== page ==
Peter Bevan-Baker: Calling on the King government to implement a one-year pilot to open the scope of pharmacists on PEI.

We all get sick sooner or later. Currently on PEI, almost 20,000 Islanders have no family doctor to turn to when they get sick and need care. Sadly, when they need help they will end up standing in long lines at a walk-in clinic or waiting for hours in an emergency room.

Prince Edward Island desperately needs more family doctors. It is going to take time to recruit these doctors. Time is a luxury that many Islanders simply do not have.
Just this week a father reached out to me to tell me about his experience trying to get stitches removed from his daughter’s injury. It took several days of lining up at walk-in clinics, and missing work and school to finally have this simple procedure done.

Telling this father, and other Islanders like him, that the government is working towards recruiting more doctors does nothing to help.

Access to primary care is fundamental to our system, and to supporting Islanders’ health. Doctor and nurse shortages are at critical levels. It means many Islanders are without access to continuity of care for their health needs.

There are ways we can help sick Islanders now by relieving some of the pressure on our health care system as we work diligently to recruit new doctors. One way to divert some of the workload out of walk-in clinics is to allow pharmacists to work to their full scope of practice.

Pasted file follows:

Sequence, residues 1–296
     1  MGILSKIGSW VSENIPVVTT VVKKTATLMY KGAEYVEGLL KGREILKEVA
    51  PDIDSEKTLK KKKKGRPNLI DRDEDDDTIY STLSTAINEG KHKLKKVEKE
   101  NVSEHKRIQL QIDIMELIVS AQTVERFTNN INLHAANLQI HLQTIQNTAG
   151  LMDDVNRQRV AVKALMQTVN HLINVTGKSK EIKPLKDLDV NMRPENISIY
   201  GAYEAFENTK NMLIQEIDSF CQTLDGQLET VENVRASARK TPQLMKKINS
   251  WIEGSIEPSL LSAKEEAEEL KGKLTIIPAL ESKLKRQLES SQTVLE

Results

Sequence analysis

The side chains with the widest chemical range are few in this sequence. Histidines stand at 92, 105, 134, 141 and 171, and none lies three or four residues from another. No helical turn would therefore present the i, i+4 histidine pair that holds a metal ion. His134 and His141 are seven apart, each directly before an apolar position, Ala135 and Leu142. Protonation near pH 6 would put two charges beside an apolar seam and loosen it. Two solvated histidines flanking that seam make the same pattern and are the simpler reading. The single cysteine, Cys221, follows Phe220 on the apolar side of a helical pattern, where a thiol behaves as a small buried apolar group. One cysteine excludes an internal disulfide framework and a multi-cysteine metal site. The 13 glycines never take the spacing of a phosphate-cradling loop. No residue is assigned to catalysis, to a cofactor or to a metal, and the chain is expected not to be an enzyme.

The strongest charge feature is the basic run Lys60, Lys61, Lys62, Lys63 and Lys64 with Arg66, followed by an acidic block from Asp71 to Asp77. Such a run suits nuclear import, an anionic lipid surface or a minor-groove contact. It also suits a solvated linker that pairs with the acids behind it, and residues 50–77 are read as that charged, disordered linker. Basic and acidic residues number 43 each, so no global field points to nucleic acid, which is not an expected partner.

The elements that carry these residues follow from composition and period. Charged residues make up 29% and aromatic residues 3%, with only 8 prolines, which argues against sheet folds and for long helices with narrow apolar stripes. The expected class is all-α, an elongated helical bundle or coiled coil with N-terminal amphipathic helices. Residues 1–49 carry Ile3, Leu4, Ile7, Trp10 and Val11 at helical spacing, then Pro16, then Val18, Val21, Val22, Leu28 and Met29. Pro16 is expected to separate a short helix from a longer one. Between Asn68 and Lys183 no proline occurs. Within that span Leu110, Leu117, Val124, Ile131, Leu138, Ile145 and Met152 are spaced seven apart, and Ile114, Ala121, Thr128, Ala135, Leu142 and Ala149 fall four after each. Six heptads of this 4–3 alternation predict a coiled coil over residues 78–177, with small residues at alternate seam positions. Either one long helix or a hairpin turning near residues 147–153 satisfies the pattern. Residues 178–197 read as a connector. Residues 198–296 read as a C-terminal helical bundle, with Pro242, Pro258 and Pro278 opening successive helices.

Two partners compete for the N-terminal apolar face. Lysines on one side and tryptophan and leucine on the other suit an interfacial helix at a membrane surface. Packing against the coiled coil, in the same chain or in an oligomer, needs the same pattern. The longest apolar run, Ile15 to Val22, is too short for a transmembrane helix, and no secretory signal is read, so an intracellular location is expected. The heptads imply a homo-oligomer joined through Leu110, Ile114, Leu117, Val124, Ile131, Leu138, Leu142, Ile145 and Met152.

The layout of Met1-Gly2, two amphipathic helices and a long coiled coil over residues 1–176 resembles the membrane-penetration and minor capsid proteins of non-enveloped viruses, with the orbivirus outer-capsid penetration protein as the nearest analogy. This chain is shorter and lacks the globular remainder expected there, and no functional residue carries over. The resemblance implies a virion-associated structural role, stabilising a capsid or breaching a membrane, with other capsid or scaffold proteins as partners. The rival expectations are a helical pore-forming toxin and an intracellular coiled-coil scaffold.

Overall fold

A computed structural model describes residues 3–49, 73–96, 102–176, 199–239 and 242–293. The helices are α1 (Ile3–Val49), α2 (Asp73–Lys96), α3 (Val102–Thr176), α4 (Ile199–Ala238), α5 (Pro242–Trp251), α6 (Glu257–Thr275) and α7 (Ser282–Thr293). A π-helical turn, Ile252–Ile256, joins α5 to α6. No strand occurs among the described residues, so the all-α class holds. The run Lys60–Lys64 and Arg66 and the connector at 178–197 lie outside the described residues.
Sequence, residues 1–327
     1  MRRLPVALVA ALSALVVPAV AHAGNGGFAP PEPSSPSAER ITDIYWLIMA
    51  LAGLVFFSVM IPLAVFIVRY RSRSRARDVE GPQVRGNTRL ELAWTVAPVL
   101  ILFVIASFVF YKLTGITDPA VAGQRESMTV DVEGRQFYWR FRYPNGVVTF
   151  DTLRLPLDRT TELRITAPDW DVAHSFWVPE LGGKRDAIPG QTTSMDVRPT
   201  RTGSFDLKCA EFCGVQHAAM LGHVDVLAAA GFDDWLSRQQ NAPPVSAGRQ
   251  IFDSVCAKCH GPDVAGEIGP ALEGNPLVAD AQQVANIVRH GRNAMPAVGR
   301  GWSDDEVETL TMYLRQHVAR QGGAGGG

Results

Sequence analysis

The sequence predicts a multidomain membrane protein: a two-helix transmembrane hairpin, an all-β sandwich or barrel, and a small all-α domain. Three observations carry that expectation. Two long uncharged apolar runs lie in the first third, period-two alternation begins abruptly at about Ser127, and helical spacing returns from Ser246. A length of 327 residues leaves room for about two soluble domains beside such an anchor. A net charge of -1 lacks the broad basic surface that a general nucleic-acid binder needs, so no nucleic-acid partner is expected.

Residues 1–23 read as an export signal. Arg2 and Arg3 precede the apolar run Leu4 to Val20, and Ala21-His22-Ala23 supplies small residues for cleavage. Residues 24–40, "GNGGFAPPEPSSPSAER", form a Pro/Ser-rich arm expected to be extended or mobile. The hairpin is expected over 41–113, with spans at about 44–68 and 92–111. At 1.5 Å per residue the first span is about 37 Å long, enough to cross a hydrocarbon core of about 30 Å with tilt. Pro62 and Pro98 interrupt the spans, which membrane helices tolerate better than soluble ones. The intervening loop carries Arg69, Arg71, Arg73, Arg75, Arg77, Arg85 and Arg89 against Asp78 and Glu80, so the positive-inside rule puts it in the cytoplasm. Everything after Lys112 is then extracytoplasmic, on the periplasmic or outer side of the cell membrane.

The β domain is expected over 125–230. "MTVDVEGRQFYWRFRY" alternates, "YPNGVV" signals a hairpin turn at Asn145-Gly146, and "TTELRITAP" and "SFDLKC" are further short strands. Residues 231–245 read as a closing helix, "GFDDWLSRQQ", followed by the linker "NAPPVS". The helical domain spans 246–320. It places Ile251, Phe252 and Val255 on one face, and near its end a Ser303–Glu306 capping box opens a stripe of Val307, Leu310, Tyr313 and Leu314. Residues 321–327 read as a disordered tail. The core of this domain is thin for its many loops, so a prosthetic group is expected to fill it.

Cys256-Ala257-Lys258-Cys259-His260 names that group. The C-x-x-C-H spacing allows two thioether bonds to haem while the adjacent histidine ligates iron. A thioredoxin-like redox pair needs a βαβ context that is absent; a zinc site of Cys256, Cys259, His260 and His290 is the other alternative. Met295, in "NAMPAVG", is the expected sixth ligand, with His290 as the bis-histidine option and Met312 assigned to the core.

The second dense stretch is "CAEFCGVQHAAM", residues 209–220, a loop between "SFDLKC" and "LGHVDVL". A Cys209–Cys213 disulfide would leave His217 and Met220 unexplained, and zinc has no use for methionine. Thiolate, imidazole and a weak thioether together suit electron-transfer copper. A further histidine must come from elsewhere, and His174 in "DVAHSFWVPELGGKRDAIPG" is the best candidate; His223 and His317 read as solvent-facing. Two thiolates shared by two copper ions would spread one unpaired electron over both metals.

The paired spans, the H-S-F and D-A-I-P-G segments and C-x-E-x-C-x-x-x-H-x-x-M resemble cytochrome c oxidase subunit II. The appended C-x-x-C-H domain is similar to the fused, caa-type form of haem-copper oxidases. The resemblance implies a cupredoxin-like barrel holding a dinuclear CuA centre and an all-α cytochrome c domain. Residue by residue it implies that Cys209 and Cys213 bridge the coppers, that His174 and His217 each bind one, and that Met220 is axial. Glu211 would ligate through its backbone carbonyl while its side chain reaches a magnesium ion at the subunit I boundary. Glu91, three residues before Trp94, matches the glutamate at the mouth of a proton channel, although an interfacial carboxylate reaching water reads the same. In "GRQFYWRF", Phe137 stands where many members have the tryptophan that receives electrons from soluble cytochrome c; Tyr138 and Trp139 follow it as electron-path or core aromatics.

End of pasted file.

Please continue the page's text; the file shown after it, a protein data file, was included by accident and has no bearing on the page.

Throughout the past 18 months of this pandemic I have been struck by the ability, flexibility and willingness of pharmacists in our communities to step up. In fact, many pharmacists are trained to provide so many more services than our government currently allows.

This is not something new. In other provinces, pharmacists can prescribe medications for simple ailments like ear and eye infections. In some of those provinces they can also prescribe birth control, renew many medications and even order blood work and interpret the results. Working within the pharmacist’s full scope of practice is also something the Pharmacist Association of PEI has been advocating for over 20 years.

Optimising the human resources in our health system means utilizing the full potential of our trained health professionals. I am calling on the King government to implement a one-year pilot to open the scope of pharmacists on PEI. This will allow our province’s healthcare system time to heal while we recruit more professionals. It will also give all Islanders the opportunity to get the right healthcare at the right place at the right time.